Suspects linked to forged papers prison escape in Florida

Reuters News
Posted: Oct 22, 2013 5:35 PM

By Bill Cotterell

TALLAHASSEE, Florida (Reuters) - Investigators have linked several suspects to the case of two convicted killers who used forged court documents to escape from a Florida prison, and the get-out-of-jail-free scheme has worked at least once before, authorities said on Tuesday.

"The investigation is moving forward on two fronts. The first is to identify the creators of fraudulent documents ... The second is to track the documents through the system," Florida Department of Law Enforcement Commissioner Gerald Bailey said at a news conference.

"We have uncovered key facts and targeted several suspects," Bailey added, "but there is still a lot we don't know or have not proven."

He did not say exactly how many accomplices may have been involved in the escape of Joseph Jenkins and Charles Walker, who were recaptured last Saturday. The men, both 34, had walked free from life sentences in a prison in the Florida Panhandle on September 27 and October 8, respectively.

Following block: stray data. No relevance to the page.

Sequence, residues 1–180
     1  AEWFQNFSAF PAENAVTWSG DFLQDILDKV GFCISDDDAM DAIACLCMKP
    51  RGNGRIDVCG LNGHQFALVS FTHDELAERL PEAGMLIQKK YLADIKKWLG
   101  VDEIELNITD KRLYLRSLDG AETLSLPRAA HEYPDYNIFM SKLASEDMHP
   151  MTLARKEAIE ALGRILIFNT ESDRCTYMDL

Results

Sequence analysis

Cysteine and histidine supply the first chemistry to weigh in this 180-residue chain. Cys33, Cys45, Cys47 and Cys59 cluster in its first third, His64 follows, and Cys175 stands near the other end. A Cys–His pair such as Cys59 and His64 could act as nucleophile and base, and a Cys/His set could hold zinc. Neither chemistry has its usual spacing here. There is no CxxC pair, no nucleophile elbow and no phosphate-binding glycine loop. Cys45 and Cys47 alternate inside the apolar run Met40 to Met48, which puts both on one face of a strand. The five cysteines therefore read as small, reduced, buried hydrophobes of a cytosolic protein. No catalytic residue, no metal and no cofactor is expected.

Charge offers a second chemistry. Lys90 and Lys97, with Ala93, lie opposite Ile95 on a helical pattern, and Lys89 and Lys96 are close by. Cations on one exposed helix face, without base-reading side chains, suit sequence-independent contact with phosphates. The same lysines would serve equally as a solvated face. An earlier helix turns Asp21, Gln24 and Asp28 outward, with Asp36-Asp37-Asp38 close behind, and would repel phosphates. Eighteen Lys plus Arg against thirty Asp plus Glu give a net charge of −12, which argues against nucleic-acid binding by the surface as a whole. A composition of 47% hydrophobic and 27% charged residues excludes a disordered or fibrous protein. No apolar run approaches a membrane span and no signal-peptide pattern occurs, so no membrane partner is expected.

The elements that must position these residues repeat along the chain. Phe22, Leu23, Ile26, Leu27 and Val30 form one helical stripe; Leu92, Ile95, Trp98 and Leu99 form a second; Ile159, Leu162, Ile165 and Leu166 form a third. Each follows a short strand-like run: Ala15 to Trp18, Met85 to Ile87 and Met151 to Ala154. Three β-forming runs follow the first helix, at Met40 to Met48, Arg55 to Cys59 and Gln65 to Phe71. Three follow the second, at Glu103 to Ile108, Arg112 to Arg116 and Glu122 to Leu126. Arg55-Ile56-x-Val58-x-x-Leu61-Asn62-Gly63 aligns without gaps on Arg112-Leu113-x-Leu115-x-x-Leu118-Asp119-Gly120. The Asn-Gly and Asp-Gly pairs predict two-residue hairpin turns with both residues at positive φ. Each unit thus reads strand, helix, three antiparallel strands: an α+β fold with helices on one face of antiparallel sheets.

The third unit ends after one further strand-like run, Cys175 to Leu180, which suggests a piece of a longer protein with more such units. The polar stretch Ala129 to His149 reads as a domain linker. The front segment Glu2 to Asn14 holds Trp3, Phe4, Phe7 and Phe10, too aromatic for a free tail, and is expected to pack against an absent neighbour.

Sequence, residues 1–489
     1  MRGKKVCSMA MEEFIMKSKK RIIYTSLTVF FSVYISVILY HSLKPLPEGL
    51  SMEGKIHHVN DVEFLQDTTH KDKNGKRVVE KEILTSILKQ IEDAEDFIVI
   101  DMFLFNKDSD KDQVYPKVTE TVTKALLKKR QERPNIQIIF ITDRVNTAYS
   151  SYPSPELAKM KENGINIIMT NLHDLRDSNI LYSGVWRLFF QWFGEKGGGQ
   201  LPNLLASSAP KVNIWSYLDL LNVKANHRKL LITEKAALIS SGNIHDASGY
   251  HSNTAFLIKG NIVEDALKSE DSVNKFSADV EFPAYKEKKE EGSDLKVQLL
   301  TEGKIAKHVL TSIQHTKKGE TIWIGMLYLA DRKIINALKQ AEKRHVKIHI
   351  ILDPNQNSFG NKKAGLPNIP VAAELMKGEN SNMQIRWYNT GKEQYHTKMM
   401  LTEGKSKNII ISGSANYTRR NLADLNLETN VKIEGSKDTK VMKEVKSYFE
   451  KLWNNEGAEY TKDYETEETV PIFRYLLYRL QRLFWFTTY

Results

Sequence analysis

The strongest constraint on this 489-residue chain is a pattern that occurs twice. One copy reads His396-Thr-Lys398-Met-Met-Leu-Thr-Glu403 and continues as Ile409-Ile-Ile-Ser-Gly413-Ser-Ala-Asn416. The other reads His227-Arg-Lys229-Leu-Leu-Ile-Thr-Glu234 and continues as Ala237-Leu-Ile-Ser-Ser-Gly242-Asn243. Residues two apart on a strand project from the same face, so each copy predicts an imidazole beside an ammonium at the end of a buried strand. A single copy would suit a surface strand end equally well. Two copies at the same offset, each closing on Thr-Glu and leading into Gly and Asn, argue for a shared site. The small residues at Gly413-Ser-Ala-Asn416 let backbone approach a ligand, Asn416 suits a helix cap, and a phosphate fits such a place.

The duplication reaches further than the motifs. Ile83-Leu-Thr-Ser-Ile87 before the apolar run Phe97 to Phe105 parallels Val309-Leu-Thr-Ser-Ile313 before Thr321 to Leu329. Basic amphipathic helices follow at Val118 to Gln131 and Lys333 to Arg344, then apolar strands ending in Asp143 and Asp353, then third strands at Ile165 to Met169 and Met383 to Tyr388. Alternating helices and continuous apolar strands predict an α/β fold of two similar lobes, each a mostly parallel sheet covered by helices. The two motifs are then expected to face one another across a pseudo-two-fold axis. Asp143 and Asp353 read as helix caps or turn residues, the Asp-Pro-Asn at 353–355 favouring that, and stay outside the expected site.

Bailey said a combined $20,000 in rewards was being offered for information about who may have helped the men. While there is no indication any prison workers were involved, he added that investigators were still looking into the possibility of an inside job.

"Since this investigation started, we have confirmed that two other Franklin C.I. inmates were in the process of obtaining fraudulent release documents," said Bailey, referring to the Franklin County Correctional Institution, from which Jenkins and Walker escaped.

Without elaborating, he said an inmate identified as Nydeed Nashaddai had used bogus court papers to flee a Pinellas County jail in 2009.

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Nashaddai was recaptured about 16 hours later. For that short-lived escape, he got almost 13 years of additional prison time, on top of his original seven-year and four-month sentence for multiple counts of forgery, prison records show.

"Jenkins and Walker are already serving life sentences; they have very little to lose, but those who helped them have very much to lose," said Bailey. "I urge those of you who may have helped them to come forward, talk to us, before we find you."

(Editing by Tom Brown and Gunna Dickson)